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Class-size relief to come faster

New plan directs overages to district rep and superintendent, not arbitration
New York Teacher

In the proposed contract, the UFT has negotiated an expedited process to bring relief sooner to teachers facing oversize classes and to address more quickly unresolved violations that must go to arbitration.

Under the new procedure, oversize classes that previously were often not reduced to comply with contractual limits until early spring will now be addressed earlier at the school or district level and, in most cases, outside the formal grievance process.

UFT Grievance Director Ellen Gallin Procida cited the importance of adhering to class-size maximums in the contract for the good of both students and teachers. “Through this accelerated process, any oversize class issue that can be resolved will be resolved much earlier in the term,” she said. “For those cases that must go to arbitration, the arbitrator will be empowered to craft the remedy.”

The expedited procedure begins with the same first step as before: During the first 10 days of school, chapter leaders and principals will work together to resolve class-size overages.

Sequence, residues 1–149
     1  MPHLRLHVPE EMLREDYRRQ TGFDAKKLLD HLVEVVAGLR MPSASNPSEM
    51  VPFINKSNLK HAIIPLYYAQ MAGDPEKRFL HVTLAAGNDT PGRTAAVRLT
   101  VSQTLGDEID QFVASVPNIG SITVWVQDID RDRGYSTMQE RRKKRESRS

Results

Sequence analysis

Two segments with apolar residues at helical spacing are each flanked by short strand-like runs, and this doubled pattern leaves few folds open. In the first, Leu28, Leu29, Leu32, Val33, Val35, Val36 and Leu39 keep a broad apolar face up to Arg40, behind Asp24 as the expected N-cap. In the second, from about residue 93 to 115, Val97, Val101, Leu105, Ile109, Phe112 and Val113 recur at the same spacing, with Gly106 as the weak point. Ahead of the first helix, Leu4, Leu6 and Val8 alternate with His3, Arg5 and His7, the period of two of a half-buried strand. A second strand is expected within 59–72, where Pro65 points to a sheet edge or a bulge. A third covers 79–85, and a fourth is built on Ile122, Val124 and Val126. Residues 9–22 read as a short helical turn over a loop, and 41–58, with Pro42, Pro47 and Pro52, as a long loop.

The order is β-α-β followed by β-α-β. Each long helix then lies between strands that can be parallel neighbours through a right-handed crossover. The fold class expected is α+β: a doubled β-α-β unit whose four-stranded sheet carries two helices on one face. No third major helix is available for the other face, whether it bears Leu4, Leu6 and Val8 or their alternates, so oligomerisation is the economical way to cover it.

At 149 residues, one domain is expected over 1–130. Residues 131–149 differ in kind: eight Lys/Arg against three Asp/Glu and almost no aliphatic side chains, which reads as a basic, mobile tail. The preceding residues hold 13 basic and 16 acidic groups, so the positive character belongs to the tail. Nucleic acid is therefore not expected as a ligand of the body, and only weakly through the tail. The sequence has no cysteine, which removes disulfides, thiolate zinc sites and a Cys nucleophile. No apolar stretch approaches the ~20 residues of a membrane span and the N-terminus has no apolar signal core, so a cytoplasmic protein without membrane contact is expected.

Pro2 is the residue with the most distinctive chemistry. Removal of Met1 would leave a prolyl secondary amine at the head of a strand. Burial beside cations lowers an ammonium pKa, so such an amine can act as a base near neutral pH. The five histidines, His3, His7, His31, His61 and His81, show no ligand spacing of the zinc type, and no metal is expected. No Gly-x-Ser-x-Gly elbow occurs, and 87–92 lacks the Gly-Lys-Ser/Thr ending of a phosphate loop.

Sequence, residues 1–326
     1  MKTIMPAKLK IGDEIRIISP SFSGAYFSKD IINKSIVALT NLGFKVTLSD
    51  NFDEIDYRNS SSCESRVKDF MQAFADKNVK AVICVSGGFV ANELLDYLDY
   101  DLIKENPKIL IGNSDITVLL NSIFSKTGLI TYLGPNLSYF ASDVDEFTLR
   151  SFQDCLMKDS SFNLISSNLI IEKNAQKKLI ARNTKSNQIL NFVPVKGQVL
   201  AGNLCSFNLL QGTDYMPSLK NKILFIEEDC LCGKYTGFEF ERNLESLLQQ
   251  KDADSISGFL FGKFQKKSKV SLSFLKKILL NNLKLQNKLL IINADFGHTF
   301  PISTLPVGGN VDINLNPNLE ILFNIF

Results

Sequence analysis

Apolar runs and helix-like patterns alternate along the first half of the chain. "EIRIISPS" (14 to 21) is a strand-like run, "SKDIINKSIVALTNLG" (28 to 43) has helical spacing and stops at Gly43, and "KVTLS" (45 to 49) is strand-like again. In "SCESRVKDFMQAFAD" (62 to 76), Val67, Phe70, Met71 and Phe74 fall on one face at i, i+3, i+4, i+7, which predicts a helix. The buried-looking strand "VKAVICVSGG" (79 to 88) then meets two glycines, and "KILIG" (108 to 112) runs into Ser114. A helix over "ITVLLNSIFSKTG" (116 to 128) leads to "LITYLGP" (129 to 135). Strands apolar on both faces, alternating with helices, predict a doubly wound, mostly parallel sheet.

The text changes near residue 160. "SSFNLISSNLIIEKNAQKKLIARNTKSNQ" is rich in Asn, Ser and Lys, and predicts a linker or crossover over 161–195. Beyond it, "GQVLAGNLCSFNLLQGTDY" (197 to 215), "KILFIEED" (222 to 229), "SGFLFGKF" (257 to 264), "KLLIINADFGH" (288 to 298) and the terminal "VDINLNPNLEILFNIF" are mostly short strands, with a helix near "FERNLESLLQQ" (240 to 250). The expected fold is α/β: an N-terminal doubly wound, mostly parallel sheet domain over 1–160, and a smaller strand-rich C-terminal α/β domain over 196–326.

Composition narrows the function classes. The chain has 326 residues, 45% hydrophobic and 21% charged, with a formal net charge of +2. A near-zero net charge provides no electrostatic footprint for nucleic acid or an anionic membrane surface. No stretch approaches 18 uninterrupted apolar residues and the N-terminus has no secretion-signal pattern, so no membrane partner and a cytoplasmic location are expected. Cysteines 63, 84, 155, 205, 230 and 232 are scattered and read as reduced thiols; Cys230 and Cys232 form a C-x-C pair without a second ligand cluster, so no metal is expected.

But under the current process, the union filed class-size grievances on day 10 that went straight to arbitration, which could grind on for months. Under the new process, any remaining oversize classes will be turned over to the UFT district representative and the superintendent to try to resolve over the next 10 days.

Julius Adams, the chapter leader at PS 98 in Douglaston, Queens, said he is hopeful class-size problems will be addressed quicker and more amicably at the school level if the principal knows unresolved issues will land on the superintendent’s desk.

“No principal in his right mind who knows it has to get done will let it go higher,” Adams said. “Principals don’t want issues to get out there. It makes more paperwork for them and more grief.”

Under the new process, remaining oversize classes that the superintendent and the UFT district representative cannot resolve by day 21 will be turned over to a class-size labor-management committee. That central committee will meet at least three days a week every week until it has reviewed the remaining oversize classes in every school.

The new process is different for a “chronically out-of-compliance” school — a school that has had oversize classes for four or more of the last six years, including the most recent year. The central committee will meet no later than the 10th day of school to determine a school-specific solution for each of these schools. The central committee will reconvene in June to update the short- and long-term plans for each of these schools to head off trouble in September.

Schools for which the central committee fails to find a solution will be fast-tracked to arbitration. Under the new process, the arbitrator will have the authority to determine the appropriate remedy.

At PS 153 in Flatbush, Brooklyn, Chapter Leader Joann Savage said the problem of an oversize 4th-grade class with too few desks and computers last year was not addressed until March and then with no remedy.

Savage, who is facing the same issue this year, said she hopes the proposed contract’s expedited timeline and new line of accountability will provide faster relief and long-term solutions.